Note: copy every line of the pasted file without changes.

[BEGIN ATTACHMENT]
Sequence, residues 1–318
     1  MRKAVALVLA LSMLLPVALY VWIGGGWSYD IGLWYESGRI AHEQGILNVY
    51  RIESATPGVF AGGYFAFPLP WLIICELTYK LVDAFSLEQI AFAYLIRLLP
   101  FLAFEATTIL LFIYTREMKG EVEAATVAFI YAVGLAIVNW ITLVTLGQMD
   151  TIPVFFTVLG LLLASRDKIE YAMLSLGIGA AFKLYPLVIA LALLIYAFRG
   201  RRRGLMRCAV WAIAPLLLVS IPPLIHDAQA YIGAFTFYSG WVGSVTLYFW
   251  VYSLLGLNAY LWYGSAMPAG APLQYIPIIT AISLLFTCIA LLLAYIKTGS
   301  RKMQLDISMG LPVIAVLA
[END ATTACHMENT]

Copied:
Sequence, residues 1–318
     1  MRKAVALVLA LSMLLPVALY VWIGGGWSYD IGLWYESGRI AHEQGILNVY
    51  RIESATPGVF AGGYFAFPLP WLIICELTYK LVDAFSLEQI AFAYLIRLLP
   101  FLAFEATTIL LFIYTREMKG EVEAATVAFI YAVGLAIVNW ITLVTLGQMD
   151  TIPVFFTVLG LLLASRDKIE YAMLSLGIGA AFKLYPLVIA LALLIYAFRG
   201  RRRGLMRCAV WAIAPLLLVS IPPLIHDAQA YIGAFTFYSG WVGSVTLYFW
   251  VYSLLGLNAY LWYGSAMPAG APLQYIPIIT AISLLFTCIA LLLAYIKTGS
   301  RKMQLDISMG LPVIAVLA